I really wonder when both teachers and parents will quit sniping at each other and realize we’re on the same team–then work together for a solution. I live on both sides of that fence, and neither group seems to have enough respect for the other.

    October 1st, 2009 at 9:45 pm
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  68. FedUpMom says:

    CA Teacher writes:
    ********************
    And no, it is not okay for your kid to read 5 hours and not turn a log in. It’s great that the kid is reading, but… Does your employer pay you if you work hourly, put in your 5 hours, and not turn in your time card? Is it okay to write a report and just not turn it in? After all, you did the work.
    *********************

    For the umpteenth time, school is not a corporate job, the kids are not employees, and the teacher is not the boss. The purpose of school is to help kids learn. If a child is reading, it isn’t her job to prove it to you. It’s your job to figure it out, and encourage and support her to read more.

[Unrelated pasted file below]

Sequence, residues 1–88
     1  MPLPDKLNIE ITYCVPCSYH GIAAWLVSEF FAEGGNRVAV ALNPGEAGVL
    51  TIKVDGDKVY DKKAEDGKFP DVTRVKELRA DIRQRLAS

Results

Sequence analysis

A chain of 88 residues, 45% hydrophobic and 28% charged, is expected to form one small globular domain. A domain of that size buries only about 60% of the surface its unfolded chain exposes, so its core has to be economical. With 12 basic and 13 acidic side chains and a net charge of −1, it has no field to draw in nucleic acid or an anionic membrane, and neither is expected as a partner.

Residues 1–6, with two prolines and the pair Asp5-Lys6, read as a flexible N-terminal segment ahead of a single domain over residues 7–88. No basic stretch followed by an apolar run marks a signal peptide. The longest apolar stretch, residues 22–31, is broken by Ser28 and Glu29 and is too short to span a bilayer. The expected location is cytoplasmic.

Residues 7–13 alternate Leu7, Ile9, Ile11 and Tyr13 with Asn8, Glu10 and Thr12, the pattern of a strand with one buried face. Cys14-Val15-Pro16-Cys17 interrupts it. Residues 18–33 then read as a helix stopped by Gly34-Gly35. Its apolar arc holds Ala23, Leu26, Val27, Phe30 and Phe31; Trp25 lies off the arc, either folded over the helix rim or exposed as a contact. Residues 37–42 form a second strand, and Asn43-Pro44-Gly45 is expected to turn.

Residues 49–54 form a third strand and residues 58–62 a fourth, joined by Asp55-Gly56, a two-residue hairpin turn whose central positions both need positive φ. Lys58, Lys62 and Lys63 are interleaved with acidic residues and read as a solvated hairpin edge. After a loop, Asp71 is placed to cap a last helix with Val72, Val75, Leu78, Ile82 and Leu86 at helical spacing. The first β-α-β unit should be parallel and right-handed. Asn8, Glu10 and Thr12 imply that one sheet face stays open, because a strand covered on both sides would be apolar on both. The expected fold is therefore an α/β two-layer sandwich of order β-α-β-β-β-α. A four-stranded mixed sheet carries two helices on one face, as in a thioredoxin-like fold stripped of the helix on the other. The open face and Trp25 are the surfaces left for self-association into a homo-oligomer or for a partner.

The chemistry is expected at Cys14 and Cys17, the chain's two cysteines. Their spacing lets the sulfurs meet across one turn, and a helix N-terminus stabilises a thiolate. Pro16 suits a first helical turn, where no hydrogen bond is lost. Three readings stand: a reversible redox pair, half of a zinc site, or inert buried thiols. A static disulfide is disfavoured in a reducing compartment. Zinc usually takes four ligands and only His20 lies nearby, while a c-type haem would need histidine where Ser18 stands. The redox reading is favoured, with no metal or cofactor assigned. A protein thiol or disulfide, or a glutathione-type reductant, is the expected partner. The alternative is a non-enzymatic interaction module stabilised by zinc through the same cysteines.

And it is not unusual at all for the brightest kids, who have learned the material, to refuse to turn the work in. It’s because the school system, full of teachers demanding they account for work that is really beneath their intelligence, starts to feel like an intolerable insult.

    October 2nd, 2009 at 8:24 am
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  69. FedUpMom says:

    CA Teacher — I would like to add that a child who reads for 5 hours may want to own her reading. That is, she doesn’t want to turn it into something she did for you. That’s a perfectly good reason for her not to turn in a log.

    October 2nd, 2009 at 8:27 am
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  70. PeggyinMA says:

    This is what we deal with in our house.

    My kids are taught to respect their teachers and do what they say. Unfortunately, I find it hard to defend the teachers when they demand detailed “accountability” from students regarding what, when, and how they read on their own time, in their own home. Kids are smart and find this insulting, no matter how much I smile and encourage them to be positive about it.

    I offer every teacher face-to-face assurance that my children love to read and are reading a great deal at home.

    I am told in response that that is not enough. They demand that children create a paper trail for them, presumably to appease their administration.

    How has this gone wrong for so long?

    Of course I worry that many people (children and adults) do not read. Don’t put this problem on the backs of the children who do, however, because it’s a great way to make them resent teachers and learn to hate reading. I have faith that teachers can develop a better approach.

    October 2nd, 2009 at 9:25 am
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  71. DeidraHewitt says: